Next, we headed over to the screw and nail department and picked up 8 2 1/2″ galvanized screws to use to screw our wood pieces together. We bought galvanized screws because they are rust-resistant and withstand being outside in the weather better.
All together, the materials we purchased to build our raised garden bed only cost us about $8. How much your materials cost you will depend on the size of the bed you are building and the type of material you use for your border.
Build the Bed
Now that you have all of your materials, you can build your bed. You will probably want to build the bed near where it will sit when it is finished, as it could be hard to move once it is put together.
First, if you are using wood for the border of your bed, simply screw the boards together appropriately (cut them to length first if you did not have that done for you where you bought them) and then put the finished frame where you want your raised garden bed to go. If you are using cinder blocks or tires, you will need to measure out the bed on the ground and then place the blocks or tires around the edge of the bed as appropriate to frame it out appropriately.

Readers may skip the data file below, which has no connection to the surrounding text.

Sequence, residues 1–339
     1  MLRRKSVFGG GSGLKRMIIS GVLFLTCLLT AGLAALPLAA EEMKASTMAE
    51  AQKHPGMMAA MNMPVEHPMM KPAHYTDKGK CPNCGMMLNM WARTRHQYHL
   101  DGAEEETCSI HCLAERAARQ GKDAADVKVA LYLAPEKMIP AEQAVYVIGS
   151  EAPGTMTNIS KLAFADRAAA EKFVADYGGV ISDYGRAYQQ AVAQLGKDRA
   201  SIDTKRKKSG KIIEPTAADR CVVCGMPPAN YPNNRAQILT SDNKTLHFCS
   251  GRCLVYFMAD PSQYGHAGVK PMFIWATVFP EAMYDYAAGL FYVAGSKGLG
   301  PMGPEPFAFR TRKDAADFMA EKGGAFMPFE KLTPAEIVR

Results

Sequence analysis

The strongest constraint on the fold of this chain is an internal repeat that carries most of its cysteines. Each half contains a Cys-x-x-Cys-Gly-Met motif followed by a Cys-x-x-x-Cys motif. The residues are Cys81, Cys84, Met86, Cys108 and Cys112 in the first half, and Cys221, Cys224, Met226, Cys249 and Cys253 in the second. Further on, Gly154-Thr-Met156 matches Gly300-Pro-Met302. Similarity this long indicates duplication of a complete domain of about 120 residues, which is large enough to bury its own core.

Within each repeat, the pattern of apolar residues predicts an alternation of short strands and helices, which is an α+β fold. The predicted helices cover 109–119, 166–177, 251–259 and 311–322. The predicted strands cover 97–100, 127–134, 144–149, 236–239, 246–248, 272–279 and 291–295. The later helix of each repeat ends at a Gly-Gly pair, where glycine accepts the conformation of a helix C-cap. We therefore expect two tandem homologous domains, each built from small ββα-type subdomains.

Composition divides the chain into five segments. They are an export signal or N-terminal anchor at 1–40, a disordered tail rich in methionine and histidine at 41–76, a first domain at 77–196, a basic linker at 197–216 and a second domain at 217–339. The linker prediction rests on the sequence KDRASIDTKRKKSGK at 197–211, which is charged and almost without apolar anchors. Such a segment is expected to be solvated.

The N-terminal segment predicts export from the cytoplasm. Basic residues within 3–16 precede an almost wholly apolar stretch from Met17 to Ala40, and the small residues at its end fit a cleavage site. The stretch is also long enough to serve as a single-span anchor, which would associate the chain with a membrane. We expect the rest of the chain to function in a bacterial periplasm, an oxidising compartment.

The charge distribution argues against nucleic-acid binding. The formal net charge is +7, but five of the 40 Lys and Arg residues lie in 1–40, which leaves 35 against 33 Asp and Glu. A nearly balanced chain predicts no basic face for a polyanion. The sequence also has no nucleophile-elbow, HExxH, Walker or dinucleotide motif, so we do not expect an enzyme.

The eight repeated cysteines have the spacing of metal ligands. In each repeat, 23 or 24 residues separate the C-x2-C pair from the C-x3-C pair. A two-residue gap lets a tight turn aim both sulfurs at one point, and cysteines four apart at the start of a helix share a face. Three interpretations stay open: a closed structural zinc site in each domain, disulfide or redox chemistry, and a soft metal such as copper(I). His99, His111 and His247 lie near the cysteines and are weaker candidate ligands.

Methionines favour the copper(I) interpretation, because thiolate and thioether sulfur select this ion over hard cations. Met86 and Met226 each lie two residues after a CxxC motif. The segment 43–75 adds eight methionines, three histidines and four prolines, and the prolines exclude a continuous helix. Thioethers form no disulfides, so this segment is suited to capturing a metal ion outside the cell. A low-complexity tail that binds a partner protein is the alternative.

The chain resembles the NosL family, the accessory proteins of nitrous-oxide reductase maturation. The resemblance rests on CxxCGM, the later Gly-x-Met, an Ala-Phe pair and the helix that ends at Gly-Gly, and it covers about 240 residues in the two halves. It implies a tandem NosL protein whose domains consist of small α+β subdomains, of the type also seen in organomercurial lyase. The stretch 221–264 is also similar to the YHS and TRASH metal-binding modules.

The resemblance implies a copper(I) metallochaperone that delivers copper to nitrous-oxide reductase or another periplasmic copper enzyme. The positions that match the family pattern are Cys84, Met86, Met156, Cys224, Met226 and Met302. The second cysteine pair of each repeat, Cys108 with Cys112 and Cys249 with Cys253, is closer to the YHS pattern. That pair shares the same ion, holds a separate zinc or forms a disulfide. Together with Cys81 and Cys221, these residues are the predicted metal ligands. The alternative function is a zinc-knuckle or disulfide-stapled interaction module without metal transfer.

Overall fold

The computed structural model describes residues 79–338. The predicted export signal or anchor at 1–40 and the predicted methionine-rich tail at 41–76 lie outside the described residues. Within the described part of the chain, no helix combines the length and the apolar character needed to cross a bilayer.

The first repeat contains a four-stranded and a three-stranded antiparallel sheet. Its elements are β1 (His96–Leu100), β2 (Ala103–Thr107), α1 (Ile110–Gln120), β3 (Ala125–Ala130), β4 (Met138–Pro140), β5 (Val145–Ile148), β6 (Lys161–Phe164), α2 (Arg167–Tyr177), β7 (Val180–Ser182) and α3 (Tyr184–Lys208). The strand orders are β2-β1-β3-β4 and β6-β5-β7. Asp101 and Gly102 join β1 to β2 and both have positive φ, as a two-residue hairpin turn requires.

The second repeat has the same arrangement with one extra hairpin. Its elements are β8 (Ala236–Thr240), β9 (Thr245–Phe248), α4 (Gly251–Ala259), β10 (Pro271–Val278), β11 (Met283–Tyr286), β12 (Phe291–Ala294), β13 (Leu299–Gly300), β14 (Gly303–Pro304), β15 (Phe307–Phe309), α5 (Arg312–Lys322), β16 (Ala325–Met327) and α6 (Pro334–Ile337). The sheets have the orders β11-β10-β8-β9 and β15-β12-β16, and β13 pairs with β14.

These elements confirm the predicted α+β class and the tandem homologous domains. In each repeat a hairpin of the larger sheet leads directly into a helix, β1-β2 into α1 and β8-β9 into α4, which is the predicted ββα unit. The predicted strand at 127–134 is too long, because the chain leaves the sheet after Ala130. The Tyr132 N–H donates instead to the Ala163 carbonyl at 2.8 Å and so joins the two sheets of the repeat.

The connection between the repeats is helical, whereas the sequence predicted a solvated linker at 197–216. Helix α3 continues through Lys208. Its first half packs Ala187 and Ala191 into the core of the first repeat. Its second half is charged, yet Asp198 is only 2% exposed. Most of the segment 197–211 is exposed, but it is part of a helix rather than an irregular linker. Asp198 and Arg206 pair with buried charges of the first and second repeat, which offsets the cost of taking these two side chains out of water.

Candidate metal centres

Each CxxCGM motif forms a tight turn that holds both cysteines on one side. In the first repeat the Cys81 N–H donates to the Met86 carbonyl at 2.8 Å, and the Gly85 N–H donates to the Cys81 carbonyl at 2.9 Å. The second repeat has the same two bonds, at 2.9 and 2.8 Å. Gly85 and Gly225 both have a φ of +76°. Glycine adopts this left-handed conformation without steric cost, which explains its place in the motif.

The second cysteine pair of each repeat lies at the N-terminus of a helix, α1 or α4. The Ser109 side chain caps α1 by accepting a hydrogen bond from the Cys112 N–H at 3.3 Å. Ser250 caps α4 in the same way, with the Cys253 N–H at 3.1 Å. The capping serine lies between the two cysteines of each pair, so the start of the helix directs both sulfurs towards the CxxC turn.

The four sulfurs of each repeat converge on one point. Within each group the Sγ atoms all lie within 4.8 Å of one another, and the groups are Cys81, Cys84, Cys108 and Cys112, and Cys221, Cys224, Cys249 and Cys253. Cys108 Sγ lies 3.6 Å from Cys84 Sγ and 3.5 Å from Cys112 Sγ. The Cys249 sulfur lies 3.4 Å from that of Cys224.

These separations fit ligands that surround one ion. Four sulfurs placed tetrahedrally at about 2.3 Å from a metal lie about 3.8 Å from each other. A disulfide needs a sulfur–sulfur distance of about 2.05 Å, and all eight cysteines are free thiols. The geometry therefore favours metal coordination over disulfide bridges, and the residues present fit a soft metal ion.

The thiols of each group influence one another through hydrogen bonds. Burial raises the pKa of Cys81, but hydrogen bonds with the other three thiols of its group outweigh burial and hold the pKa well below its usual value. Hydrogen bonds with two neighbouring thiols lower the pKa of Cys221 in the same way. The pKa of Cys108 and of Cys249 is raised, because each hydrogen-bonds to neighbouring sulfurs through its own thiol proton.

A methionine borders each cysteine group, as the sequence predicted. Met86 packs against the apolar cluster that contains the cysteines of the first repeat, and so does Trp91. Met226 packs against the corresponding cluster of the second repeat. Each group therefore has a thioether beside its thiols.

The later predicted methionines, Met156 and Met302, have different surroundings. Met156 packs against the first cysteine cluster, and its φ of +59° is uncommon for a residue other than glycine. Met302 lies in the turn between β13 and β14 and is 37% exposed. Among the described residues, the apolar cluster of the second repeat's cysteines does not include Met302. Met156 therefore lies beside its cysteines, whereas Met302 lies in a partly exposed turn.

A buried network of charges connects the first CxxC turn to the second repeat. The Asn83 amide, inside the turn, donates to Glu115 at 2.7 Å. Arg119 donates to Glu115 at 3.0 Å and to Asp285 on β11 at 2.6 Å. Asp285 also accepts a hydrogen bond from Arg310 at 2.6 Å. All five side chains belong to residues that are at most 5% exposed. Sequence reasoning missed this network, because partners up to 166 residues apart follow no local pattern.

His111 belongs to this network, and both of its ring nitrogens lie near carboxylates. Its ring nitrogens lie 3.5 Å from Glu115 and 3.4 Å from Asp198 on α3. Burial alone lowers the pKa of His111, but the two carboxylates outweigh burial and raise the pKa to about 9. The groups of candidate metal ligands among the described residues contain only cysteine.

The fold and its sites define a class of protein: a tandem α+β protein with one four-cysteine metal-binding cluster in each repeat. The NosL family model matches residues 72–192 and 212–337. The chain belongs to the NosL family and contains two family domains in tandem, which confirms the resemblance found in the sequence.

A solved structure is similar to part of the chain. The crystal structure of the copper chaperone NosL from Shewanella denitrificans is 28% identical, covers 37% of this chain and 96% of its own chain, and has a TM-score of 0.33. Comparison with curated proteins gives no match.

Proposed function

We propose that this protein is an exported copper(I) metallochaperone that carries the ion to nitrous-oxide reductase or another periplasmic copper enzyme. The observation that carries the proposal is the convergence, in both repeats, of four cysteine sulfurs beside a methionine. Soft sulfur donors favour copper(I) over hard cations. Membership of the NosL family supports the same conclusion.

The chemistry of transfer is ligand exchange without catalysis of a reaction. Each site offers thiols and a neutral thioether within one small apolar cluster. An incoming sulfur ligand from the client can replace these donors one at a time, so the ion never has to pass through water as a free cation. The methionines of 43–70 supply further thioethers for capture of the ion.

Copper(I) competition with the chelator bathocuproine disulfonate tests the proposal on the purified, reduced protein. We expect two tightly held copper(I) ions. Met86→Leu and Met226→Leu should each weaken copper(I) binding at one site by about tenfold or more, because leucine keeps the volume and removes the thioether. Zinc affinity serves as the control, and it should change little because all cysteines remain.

Next, you will want to add a weed block to your bed to help prevent weeds from taking root in it. We took some cardboard boxes we had saved in our garage and tore them into pieces and lined the bottom of our bed to help prevent weeds. Other people use newspaper or weed block mesh to help prevent weeds. We liked cardboard because it is a pretty natural material. If you use newspaper, make sure to use only black and white newspaper. Pieces with color inks or printed on waxy paper won’t break down as well and have inks that can contain toxins.